We publish our conversations with inspirational individuals in the healthcare industry to promote the innovation discourse and support framework. We spoke with Arlen D. Meyers, M.D., M.B.A., the Founder and CEO of the Society of Physician Entrepreneurs (SoPE). SoPE provides a network with peers and industry partners involved in all aspects of the innovation commercialization process in hopes of accelerating innovations in order to improve healthcare.

A transcript of our conversation is below.

Healthcare Innovators We are a relatively new organization called Healthcare Innovators. Our aim is just to promote the discourse on health innovation amongst younger students. We know you founded the Society of Physician Entrepreneurs. To start off, could you please give a little background about yourself?

Dr. Meyers: I’m a career academic ear, nose and throat surgeon. I recently retired from clinical practice to spend full time on physician entrepreneurship but for the last 40 years, I’ve been a practicing academic ear, nose and throat surgeon at the University of Colorado in various clinical research, leadership, etc roles.

During my education, I trained back east and then got recruited to the University of Colorado in 1976. During my academic career, while I was building my research, promotion, tenure portfolio, my research and development interest was in bioengineering. I was just interested in gadgets so that led to inventing with other colleagues a gadget while I was a faculty member that optically detects cancer. That led to a number of initiatives and events that transfer intellectual property protection, funding, spinouts, etc that eventually fed my interests in physician entrepreneurship. That eventually led to the creation of the Society of Physician Entrepreneurs with other people.

Fundamentally what I learned in that journey was what most of us already know; the sick care system can’t be fixed from inside. Most physicians and health professionals have good ideas but don’t know what to do with them, and there was no really good solution. It’s just too hard to get an idea to market for the average undergraduate faculty member. The academic culture does not reward for entrepreneurship to our higher ed. For all those reasons, we created something that we thought could help people, that is the Society of Physician Entrepreneurs. We created it as a 501(C)3 and (C)6 member organization 5 years ago and now I believe we’re the largest such network in the word.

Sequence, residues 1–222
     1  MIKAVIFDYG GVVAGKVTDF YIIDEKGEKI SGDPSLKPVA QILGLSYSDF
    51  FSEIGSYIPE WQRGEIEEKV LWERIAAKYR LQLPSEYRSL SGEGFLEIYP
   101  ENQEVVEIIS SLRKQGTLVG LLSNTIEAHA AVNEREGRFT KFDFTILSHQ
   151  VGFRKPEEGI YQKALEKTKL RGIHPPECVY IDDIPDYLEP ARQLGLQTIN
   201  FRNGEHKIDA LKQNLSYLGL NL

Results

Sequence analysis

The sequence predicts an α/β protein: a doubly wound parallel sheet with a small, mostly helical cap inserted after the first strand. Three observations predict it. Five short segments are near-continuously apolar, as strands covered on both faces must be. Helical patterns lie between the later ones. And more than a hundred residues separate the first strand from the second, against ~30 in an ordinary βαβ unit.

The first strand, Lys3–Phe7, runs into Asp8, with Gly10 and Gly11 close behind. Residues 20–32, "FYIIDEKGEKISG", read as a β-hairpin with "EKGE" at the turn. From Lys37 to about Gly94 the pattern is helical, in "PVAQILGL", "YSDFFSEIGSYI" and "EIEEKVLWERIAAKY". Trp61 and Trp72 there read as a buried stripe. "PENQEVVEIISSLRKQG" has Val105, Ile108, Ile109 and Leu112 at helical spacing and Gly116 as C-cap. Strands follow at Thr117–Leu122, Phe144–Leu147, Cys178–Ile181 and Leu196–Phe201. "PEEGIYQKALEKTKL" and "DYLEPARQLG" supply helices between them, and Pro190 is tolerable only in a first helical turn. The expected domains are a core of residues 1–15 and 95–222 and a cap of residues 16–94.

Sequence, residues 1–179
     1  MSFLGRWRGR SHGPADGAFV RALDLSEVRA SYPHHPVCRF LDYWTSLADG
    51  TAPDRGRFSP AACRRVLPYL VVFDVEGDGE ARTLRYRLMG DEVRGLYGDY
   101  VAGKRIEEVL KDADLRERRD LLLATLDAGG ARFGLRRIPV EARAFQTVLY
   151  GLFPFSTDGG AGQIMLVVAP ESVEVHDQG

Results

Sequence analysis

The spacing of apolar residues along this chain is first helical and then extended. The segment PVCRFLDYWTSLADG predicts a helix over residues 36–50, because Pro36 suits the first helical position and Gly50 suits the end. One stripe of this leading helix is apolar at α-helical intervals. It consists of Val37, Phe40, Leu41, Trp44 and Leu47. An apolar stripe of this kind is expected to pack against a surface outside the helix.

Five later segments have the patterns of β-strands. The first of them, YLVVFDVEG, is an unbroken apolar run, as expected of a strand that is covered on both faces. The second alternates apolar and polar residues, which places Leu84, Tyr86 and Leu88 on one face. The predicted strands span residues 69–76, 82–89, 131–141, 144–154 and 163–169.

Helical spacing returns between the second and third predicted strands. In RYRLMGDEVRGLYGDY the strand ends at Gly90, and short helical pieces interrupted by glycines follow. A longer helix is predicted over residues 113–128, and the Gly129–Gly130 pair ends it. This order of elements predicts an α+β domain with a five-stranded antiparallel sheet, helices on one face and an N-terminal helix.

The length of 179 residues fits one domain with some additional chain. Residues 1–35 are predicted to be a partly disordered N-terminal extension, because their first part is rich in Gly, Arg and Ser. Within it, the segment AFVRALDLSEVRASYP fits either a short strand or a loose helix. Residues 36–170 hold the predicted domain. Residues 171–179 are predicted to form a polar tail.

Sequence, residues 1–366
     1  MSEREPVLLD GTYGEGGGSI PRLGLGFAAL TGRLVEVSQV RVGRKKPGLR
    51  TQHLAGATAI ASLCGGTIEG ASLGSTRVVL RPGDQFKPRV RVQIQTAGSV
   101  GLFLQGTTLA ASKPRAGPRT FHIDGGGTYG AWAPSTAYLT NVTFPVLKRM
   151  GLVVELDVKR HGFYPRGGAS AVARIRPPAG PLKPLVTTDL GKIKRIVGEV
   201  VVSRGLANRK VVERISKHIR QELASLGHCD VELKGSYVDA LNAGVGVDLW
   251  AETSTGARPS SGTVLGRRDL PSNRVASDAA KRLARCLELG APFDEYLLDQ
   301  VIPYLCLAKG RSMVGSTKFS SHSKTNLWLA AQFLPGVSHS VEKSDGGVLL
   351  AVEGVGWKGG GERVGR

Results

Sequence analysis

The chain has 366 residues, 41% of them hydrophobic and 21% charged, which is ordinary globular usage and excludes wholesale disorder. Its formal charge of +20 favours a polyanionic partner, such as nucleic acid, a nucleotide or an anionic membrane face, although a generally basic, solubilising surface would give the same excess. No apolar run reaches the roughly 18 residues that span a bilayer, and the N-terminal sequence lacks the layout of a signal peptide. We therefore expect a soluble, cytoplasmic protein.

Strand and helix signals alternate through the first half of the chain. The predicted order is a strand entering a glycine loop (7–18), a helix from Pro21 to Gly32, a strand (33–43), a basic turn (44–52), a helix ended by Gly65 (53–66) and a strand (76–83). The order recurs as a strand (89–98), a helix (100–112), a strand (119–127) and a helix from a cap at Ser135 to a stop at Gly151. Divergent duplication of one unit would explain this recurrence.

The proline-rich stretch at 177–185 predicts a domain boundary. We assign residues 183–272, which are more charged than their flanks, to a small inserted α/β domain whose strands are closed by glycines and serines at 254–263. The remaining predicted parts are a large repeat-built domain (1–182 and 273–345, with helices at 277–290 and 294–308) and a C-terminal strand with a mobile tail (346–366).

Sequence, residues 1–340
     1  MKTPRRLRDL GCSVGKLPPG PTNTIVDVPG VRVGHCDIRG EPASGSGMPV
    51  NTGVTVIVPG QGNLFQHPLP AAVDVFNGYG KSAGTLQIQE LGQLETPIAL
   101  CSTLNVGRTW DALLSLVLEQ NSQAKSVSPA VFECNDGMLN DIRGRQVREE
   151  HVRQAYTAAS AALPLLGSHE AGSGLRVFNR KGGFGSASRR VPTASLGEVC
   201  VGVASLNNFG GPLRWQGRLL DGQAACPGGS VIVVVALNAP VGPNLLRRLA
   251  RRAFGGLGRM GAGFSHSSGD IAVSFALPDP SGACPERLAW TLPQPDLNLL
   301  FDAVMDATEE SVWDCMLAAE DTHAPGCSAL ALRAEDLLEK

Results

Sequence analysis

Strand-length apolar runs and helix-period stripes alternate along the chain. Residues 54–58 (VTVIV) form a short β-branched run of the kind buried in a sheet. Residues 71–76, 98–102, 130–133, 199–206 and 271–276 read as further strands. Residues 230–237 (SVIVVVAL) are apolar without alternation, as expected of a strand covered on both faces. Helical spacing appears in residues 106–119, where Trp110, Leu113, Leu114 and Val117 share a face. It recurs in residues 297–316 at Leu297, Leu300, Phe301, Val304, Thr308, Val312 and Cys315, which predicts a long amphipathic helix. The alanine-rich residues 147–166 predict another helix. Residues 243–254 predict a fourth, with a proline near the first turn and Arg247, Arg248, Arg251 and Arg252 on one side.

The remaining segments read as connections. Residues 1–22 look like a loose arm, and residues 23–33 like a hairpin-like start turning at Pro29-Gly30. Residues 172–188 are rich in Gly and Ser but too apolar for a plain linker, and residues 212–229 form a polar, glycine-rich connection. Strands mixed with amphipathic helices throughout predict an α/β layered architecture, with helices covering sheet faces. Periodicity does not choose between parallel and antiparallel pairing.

Healthcare Innovators Amazing. What made you pursue the MBA?

Dr. Meyers: Well I’ve written a lot about MD/MBAs. In fact, I was the principal leader in creating the MD/MBA program at the University of Colorado in the late 90s. I’ve had a lot of experience with this. My view is a couple: one is that any education is valuable; however, the opportunity cost is pretty high given student loans, time commitments, family, and conflicting interests. The decision to get an MBA for most doctors or most professionals is the old attitude, “I’ll just quote ‘grab an MBA on the way,’ and that’s kind of the egotistical, hubris, laden attitude for most doctors. That decision carries a lot of impact and it’s not a trivial decision anymore. It used to be “What’s the big deal? I’ll just get an MBA along with my MD, JD, MPH, PHD, you know all the letters that go after my name” and that’s what doctors are trying to do, but it’s stupid. Over half of the medical schools in the United States have MD/MBAs and there’s a lot of conflict and there are a lot of problems.

The bottom line is the following and these are my opinions. One, that an MBA for the average doctor basically offers, what I call, the 4 Cs: connectivity, credibility, credentials, and content, in that order. The value of a Harvard MBA is your roommate, not what you learned.

Healthcare Innovators Right.